You Listen To Moody Music
In case you haven't heard yet,
music can influence your mood, according to Counseling Chicago Services. That's why listening to something that screams "fun" can put you into a good mood, while gloomy songs can actually aggravate your depression and anxiety. Head to Spotify and create a new playlist that is full of music that represents the mood that you want (happy) instead of the mood you're trying to avoid (sad).
You Complain And Blame Constantly
Exernalizing your anxious thoughts, such as blaming all of your problems on others and constantly complaining about your life, can actually make your anxiety worse. According to Family Share,
blaming others can make you unhappy. The truth is that you'll never be able to control the actions of others, but you can control your reaction to them.
Exercise is a good reason to get off the couch, which you already know isn't helping your anxiety. But did you know that physical activity is actually an incredibly important component to treating anxiety? According to Calm Clinic, a
lack of exercise may be one of the main reasons that anxiety disagnoses have increased in the past several decades. Exercise is a great relief for the kind of overall stress and tension caused by anxiety.
You Let The House Get Dirty
It probably seems fairly harmless to let your house get cluttered and dirty, but
your anxiety will increase as more filth builds up around you, according to Chicago Counseling Services. Your worries over how others see your home will only serve to fuel your anxiety further, and your inability to get the house in order will cause paralysis that can keep you on firmly planted on that messy couch.
You Have A Negative Mindset
According to the aforementioned Calm Clinic article, another destructive habit is having a negative mindset. The way to recover from anxiety is to develop your ability to seek out happiness and see hope around you. It's not necessarily about creating a positive outlook in every little situation if you're just not the sunny personality type. That's unrealistic. But what you can do is work on not letting that negative mindset overtake you in all areas of life.
Home Alone is a cute movie, but even Kevin starts to freak out after a few days without his family. For someone who suffers from social anxiety disorder, staying home alone all the time may seem like the perfect way to spend your time. However, having support from the outside can actually help your anxiety and health, according to a report in the journal PLoS One. Building up your network of supportive friends and family may be key to relieving some of that anxiety, so make sure to get out there once in a while.
You Have Friends That Are Anxious, Too
Although having a supportive network of friends is important for anxiety relief, there is one way that this could actually be a catch-22. According to
Psychology Today, if your friend is suffering from an anxiety disorder just like you, it can actually make your own anxiety worse. You might initially feel as if you've found someone great that you can vent to about all of your anxious problems, but participating in "intergroup anxiety" can actually make anxiety worse, according to the aforementioned Forbes article.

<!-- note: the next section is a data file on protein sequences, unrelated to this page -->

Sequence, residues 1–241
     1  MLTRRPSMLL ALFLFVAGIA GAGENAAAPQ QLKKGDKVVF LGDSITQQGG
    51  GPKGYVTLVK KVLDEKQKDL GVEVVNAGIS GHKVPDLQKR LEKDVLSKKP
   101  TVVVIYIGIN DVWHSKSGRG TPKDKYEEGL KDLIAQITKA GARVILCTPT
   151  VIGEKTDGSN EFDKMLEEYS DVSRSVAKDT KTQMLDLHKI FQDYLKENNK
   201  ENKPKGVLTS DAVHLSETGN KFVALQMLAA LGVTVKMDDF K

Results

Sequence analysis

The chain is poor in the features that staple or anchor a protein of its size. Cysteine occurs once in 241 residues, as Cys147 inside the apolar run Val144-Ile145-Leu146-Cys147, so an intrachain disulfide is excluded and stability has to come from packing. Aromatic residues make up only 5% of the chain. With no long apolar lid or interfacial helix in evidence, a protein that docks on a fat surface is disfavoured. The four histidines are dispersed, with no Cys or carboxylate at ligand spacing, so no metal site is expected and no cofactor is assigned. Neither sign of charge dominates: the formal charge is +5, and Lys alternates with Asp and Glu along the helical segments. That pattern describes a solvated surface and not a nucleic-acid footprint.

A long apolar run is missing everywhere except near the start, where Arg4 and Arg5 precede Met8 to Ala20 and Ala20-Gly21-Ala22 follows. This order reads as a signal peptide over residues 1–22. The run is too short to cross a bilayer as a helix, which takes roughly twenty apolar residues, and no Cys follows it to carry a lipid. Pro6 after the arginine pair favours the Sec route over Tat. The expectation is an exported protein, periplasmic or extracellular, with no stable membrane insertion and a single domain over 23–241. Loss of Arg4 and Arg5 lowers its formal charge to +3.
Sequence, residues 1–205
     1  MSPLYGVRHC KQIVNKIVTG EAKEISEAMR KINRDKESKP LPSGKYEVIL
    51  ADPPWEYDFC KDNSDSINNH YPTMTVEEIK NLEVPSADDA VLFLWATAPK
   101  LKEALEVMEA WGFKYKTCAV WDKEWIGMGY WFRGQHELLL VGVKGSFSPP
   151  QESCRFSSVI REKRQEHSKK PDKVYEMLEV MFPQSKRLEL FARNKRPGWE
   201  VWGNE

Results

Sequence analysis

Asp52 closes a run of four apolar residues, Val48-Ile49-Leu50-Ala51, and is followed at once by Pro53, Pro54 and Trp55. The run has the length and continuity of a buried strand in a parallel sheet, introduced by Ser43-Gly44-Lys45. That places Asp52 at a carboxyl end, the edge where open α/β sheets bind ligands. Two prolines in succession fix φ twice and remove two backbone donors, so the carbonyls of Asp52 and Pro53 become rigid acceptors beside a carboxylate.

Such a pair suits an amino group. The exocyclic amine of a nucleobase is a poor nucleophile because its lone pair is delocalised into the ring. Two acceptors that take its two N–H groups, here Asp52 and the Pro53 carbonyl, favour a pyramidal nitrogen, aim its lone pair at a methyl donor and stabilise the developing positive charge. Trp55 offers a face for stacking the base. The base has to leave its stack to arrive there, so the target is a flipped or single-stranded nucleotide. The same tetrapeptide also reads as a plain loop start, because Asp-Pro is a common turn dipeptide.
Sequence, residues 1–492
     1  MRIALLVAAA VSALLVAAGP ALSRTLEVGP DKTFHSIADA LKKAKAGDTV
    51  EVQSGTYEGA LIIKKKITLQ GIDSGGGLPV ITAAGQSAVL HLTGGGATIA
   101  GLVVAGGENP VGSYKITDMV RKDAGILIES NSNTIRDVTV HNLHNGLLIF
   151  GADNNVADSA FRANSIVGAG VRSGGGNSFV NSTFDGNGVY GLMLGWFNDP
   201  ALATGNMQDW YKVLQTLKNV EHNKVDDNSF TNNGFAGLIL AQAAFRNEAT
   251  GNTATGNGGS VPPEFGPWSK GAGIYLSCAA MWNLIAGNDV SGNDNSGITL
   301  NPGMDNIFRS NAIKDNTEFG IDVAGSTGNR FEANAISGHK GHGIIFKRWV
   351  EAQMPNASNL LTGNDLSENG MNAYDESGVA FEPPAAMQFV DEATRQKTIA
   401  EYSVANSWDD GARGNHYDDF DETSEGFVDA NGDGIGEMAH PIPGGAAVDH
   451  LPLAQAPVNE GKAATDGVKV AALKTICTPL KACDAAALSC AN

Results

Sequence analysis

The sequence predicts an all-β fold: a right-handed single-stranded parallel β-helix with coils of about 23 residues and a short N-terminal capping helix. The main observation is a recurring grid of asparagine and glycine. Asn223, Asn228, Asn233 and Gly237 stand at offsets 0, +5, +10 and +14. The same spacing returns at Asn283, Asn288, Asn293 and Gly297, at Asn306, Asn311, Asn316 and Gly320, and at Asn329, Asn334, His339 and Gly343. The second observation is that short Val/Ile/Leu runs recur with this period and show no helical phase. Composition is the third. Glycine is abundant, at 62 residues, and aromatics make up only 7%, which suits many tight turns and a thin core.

You Compare Yourself To Others
According to the aforementioned Lifehack article, constantly comparing yourself to others is a quick way to lose motivation, and thus increase your anxiety. Instead, you should ask the person you admire how it is that they do what they do. Not only will you possibly gain some helpful tips, but you might also realize that their life isn't as peachy as it seems to be.
Like many anxious people, I sometimes focus too much on my past. Something will happen to remind me of a situation that previously caused me anxiety, and my mind spirals downward instantly. The Power of Positivity reported that this is
one of the toxic habits that drains your energy, and advises seeking help to deal with your past if you need it. After all, you're only human. The mistakes of the past shouldn't keep you from advancing in the future.
You Hold Onto Anger And Resentment
One of the
top relationship killers is creating resentments that can slowly drive you bonkers, according to Psychology Today. Some of the actions that might cause and expand the anger and resentment you feel towards yourself and others include taking things personally, participating in drama and negativity, letting yourself be in negative environments, and allowing these feelings to damage your physical and mental health, according to the aforementioned Power of Positivity article.
You're Using Alcohol To Cope
There's nothing wrong with having the occasional drink after a long day's work but when leaning on alcohol to deal with your anxiety and frustration becomes the norm, you could be in trouble. In fact, according to the aforementioned Everyday Health article, alcohol is
one of the foods that could hurt anxiety because it is a depressant. That good mood you feel after a drink or two is only temporary, and can ultimately lead to dehydration and dependency issues.